By Elke Thoms
It’s difficult enough to remember that you need exercise after sitting at a desk all day, and if you have a furry friend waiting for you at home, they need some calorie-burning, too.
Luckily, the weather is warm and there are plenty of dog parks around. Visit one, and your dog can get the workout they want, and you can tell yourself that standing outside and checking your phone while your pup plays counts as exercise.
That, however, is poor dog park etiquette.
“No reading the newspaper, no checking your emails, no something—you have to be vigilant about what your dog is doing,” says dog trainer Laura Sharkey.
Sharkey, 44, has been the owner of WOOFS! Dog Training Center, LLC. in Arlington for the past 12 years. Her experience has taught her that bringing your dog to the dog park should never be a passive activity for the owner.
“Interact with your dog,” she encourages. “Walk, definitely walk. Don’t stand still. Play ball, if it’s appropriate in that environment.”
It’s not just about increasing your bond with your animal. When you enter a dog park, you have to take responsibility for your dog.
“Allowing dogs to ‘work it out,’ that’s ridiculous. I hear that a lot, it’s crazy. No, the dogs do not need to work it out—you’re the human, take care of the situation,” Sharkey says. “That’s terrible dog park etiquette, to allow your dog to bully another dog and to allow your dog to get bullied is also terrible.”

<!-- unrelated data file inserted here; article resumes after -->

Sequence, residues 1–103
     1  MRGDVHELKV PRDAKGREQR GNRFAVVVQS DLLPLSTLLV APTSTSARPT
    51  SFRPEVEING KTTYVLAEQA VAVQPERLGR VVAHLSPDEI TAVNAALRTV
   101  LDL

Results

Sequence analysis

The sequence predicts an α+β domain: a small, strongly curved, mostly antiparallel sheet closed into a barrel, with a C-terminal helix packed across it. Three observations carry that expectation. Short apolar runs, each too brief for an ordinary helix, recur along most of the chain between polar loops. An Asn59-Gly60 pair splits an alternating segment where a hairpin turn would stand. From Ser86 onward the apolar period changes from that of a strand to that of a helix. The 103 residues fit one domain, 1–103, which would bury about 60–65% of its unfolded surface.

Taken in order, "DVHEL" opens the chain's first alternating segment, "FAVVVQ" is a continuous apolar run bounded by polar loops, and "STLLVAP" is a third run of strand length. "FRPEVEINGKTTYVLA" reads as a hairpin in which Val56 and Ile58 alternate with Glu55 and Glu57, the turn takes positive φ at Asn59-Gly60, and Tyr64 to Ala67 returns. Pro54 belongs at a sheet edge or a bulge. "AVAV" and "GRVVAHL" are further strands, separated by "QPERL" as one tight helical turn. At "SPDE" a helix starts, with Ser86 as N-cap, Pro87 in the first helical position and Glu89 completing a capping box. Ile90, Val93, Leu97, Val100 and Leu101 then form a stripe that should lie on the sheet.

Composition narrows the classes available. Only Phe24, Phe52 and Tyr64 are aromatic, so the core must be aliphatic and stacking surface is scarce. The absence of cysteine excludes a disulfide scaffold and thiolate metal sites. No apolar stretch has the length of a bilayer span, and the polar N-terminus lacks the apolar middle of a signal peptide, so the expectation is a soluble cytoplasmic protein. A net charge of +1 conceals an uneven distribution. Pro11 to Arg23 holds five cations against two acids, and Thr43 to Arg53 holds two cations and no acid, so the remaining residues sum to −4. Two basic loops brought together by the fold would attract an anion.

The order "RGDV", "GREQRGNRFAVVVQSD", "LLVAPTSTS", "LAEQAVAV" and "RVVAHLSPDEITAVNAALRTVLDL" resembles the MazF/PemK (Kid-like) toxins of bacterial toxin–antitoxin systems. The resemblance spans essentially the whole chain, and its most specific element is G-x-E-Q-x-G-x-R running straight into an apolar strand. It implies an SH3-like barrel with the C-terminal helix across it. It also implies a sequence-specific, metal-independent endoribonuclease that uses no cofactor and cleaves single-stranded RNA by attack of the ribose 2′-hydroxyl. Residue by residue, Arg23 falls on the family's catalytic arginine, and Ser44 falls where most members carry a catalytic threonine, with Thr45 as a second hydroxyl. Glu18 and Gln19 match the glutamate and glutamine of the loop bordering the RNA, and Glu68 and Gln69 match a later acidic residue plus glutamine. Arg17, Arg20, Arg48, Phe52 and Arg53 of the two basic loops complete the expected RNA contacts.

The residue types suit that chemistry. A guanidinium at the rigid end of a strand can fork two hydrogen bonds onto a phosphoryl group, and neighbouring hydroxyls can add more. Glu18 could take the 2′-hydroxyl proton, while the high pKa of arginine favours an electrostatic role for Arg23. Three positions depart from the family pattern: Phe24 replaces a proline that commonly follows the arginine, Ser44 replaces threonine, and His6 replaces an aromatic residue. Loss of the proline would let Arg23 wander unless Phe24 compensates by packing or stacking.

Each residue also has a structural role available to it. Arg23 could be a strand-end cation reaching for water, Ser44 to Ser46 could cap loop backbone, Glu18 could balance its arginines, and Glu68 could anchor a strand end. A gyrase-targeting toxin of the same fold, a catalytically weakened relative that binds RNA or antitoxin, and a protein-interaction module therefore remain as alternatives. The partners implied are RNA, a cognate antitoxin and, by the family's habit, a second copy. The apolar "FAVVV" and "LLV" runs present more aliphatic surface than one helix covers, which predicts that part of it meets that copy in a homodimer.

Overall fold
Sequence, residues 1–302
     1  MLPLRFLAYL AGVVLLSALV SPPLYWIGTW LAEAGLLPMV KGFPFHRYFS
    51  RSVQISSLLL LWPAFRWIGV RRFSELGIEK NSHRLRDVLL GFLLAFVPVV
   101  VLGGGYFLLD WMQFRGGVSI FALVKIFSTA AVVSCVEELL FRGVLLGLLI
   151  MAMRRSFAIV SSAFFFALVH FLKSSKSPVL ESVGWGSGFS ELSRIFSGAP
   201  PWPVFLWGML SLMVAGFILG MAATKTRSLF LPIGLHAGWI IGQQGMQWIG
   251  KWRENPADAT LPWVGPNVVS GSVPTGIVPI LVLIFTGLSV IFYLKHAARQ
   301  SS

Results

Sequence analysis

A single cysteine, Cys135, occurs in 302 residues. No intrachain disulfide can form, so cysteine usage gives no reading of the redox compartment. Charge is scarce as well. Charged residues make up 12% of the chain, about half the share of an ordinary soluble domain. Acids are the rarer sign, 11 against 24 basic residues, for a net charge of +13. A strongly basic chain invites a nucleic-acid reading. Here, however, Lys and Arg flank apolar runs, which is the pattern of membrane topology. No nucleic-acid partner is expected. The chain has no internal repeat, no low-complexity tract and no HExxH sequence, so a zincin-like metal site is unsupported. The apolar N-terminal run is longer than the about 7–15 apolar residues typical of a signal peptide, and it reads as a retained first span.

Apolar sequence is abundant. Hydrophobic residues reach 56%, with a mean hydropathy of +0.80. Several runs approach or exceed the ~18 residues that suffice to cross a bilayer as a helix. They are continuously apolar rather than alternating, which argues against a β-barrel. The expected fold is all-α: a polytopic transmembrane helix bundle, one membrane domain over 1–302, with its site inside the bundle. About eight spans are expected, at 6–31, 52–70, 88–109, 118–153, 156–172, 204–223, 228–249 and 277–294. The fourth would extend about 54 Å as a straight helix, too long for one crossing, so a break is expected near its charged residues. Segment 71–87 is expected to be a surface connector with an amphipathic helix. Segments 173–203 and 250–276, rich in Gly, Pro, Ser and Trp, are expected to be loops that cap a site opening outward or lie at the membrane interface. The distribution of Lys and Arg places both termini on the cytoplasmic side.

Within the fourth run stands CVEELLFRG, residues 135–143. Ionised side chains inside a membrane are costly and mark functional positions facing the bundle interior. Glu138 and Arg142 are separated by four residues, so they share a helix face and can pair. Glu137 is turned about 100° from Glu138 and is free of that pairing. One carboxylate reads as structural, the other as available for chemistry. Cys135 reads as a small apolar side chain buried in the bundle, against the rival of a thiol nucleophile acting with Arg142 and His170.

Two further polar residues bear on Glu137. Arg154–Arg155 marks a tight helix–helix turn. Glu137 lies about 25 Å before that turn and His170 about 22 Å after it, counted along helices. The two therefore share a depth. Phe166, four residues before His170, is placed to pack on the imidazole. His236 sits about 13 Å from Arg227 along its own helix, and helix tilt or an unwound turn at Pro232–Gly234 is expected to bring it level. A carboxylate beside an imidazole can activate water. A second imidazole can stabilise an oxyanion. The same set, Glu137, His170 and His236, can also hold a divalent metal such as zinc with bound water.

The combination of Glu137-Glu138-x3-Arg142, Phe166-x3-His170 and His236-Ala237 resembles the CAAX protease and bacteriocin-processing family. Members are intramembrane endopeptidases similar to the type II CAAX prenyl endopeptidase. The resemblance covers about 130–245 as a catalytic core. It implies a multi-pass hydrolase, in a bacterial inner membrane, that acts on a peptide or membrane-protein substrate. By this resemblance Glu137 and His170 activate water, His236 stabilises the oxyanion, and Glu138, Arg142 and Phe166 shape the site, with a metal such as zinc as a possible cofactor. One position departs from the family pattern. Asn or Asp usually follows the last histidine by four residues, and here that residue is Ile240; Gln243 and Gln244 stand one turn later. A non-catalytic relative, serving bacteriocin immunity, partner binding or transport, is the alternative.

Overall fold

The most important part of dog park etiquette, Sharkey says, is to “have a good recall on your dog, so that if and when you need to, you can call your dog out of almost any situation. Including, say, if two other dogs are fighting, or two other dogs are playing, and your dog doesn’t need to be a part of that. Call your dog off, have them follow you to a different part of the park and do something else with them.”
Okay, so your dog’s recall isn’t perfect. One day at the dog park is fine though, right?
Sharkey disagrees. “I don’t think dogs that don’t have a good recall should be at a dog park. I think that’s a requirement, you should have a good recall on your dog.”
However, if your dog does come when called, then the dog park riches are yours for the taking.
Here are a few in the area:
Baron Cameron Dog Park
11300 Baron Cameron Avenue
The Baron Cameron Dog Park in Reston can host up to 40 dogs, and includes a separate area for dogs under 25 pounds, as well as a water fountain and dog bowls.
K-9 Gunner Memorial Dog Park
13000 Minnieville Road
The K-9 Gunner Memorial Dog Park is dedicated to Gunner, a police dog for Prince William County Police Department who was killed in the line of duty in 2005. The dog park includes a separate area for smaller dogs.
Vienna Dog Park
700 Courthouse Road
The Vienna Dog Park includes a fenced-in play area surrounded by trees. Water is available for both dogs and their owners.